Is there any intuitive, visual explanation of the following lemma:

Lemma: Let $\{ \alpha_{ij} : i = 1, \ldots, m, j = 1,\ldots, n \}$ be an $m \times n$ matrix, $\alpha_i = (\alpha_{i1}, \ldots, \alpha_{in}), \alpha^{(j)} = (\alpha_{1j},\ldots,\alpha_{mj})$, and $z = (z_1, \ldots, z_n)$. The system of inequalities \begin{align*} \alpha_i \cdot x & \ge 0 & i = 1,\ldots, m \\ z \cdot x & < 0 \end{align*} has a solution $x = (x_1, \ldots, x_n)$ iff the system \begin{align*} y\cdot \alpha^{(j)} & = z_j, & j = 1,\ldots, n \\ y_i & \ge 0, \end{align*} has no solution $y = (y_1, \ldots, y_m)$.

I know an complicated inductive proof, relying mainly on algebraic rearrangements, but not given any visualisations.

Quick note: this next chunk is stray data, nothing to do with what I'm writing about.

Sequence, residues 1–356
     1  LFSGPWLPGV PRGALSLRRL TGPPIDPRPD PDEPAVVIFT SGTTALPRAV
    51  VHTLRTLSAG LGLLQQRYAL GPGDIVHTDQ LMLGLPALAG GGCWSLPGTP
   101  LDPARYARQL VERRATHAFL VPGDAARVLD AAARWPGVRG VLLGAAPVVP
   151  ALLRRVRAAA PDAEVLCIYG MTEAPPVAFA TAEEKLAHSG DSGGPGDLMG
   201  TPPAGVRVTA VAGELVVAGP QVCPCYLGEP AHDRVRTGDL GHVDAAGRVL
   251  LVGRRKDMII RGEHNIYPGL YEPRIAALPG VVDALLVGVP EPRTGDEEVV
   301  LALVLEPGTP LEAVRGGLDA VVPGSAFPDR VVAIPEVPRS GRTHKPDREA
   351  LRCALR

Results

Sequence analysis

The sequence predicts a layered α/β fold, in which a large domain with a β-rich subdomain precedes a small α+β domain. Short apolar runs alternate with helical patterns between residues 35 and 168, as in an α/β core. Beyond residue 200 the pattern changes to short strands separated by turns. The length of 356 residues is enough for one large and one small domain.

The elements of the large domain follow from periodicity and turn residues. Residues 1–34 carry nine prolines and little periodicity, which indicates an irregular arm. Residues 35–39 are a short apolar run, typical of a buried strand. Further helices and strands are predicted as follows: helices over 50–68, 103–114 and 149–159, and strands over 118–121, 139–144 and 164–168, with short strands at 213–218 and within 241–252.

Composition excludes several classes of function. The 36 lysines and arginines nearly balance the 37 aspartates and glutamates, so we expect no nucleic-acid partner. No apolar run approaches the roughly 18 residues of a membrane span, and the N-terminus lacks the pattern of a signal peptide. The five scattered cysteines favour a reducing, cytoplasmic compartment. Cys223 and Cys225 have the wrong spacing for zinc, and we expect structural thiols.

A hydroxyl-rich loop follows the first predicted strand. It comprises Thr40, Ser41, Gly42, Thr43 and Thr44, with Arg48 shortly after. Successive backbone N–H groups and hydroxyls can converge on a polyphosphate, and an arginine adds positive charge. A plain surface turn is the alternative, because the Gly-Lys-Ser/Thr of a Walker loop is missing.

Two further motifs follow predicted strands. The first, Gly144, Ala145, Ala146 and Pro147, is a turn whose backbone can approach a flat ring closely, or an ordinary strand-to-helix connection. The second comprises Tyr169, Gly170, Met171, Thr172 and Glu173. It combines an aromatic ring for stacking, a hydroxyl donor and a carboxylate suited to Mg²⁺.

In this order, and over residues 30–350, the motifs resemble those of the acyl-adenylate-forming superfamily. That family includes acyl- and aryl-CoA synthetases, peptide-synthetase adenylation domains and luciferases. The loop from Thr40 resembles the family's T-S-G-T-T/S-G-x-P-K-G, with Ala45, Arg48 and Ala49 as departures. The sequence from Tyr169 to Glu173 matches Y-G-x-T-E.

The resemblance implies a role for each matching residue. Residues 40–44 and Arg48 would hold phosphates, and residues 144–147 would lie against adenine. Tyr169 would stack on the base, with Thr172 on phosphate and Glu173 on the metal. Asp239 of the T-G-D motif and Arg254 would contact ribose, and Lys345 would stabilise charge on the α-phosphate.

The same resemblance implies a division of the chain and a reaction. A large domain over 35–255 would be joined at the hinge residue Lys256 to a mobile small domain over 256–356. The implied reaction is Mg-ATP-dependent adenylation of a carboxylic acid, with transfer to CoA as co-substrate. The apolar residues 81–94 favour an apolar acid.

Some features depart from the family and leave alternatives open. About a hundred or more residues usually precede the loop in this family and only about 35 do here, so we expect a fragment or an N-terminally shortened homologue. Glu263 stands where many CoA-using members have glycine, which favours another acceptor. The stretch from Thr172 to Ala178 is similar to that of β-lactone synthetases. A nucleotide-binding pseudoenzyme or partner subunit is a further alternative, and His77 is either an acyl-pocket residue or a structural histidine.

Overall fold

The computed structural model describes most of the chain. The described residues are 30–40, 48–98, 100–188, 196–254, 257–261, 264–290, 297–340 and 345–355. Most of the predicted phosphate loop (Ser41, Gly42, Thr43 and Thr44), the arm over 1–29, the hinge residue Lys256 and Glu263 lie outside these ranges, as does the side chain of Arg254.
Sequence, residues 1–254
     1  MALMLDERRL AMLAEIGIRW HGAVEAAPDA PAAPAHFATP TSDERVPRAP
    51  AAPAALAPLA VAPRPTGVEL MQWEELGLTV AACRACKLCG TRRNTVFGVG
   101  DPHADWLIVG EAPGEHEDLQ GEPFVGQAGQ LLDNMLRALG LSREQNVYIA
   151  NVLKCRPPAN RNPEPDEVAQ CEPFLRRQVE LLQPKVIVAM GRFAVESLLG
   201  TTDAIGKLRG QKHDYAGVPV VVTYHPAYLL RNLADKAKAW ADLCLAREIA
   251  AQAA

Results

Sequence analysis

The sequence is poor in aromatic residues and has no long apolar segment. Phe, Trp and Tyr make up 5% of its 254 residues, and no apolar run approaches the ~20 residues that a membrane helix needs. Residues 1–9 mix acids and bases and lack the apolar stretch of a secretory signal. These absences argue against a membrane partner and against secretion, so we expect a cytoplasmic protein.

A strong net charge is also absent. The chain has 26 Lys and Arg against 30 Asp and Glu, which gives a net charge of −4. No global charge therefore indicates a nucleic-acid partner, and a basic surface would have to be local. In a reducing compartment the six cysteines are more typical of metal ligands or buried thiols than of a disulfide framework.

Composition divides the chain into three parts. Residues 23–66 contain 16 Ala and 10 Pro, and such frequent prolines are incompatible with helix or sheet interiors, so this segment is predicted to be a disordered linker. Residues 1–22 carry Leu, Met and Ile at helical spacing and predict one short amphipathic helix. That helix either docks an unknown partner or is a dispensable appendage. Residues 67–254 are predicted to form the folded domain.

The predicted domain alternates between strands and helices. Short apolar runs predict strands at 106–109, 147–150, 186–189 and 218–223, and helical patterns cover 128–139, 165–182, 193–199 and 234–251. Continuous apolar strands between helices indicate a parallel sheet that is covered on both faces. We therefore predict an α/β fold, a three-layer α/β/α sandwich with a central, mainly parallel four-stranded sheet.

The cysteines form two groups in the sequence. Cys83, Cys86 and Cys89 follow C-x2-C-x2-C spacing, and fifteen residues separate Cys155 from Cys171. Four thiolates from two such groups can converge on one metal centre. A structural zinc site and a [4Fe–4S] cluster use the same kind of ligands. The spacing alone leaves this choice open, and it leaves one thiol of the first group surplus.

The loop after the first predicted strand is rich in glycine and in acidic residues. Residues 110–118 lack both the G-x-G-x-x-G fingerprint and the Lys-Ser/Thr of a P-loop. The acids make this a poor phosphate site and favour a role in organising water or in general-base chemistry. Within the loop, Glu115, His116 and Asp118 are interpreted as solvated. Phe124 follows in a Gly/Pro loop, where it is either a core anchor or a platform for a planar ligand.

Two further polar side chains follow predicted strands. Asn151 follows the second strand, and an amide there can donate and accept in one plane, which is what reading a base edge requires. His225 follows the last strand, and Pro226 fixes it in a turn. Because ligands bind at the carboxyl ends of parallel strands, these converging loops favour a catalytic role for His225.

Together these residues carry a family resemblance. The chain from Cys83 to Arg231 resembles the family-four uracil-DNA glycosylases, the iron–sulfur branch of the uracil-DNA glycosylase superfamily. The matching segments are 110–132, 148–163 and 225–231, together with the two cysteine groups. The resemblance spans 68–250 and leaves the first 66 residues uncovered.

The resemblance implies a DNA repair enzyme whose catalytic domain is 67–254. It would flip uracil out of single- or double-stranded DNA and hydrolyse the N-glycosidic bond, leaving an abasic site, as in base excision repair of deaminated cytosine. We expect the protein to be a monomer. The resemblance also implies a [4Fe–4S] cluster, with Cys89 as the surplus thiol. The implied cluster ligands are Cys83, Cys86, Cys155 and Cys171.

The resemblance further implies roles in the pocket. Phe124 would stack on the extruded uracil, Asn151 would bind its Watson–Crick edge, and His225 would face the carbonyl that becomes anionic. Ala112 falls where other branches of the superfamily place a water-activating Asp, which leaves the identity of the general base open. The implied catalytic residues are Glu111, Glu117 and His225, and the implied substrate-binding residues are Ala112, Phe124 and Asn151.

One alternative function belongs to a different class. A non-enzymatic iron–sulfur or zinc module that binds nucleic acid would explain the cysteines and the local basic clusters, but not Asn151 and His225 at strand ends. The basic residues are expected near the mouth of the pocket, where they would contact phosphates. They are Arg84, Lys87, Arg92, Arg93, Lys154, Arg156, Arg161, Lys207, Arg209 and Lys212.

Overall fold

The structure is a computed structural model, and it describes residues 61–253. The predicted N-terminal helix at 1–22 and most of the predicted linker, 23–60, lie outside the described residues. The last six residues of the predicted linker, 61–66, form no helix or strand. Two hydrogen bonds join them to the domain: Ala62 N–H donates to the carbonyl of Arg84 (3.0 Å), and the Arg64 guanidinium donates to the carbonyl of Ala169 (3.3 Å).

To give an example what I mean by visual explanation, consider the system \begin{align*} \sum_{j=1}^n \alpha_{ij} x_j > 0, i = 1,\ldots, m' \\ \sum_{j=1}^n \beta_{ij} x_j = 0, i = 1,\ldots, m'' \end{align*} then this has a solution iff the polyhedron generated by the vectors $\alpha_i$ does not intersect the subspace generated by the vectors $\beta_i$. This could be visualised for example when $m'' = 2$ and $n = 3$, then the points $0, \beta_1, \beta_2$ span a plane, and a solution vector $x$ is orthogonal to that plane. If we fix some $x$, then it makes an acute angle with any other vector on the same side of the plane and with the ones on the other side it makes an obtuse angle. So $x$ solves the system iff all the $\alpha_i$ lie on one side of the plane, and this argument could be easily generalized. But for the lemma mentioned in this question I would like to have a similar visualisation, is this possible? I find it complicated to give for example the statement that $\alpha_i x\ge 0$ any meaning with respect to the column space of the matrix $\{\alpha_{ij}\}$?


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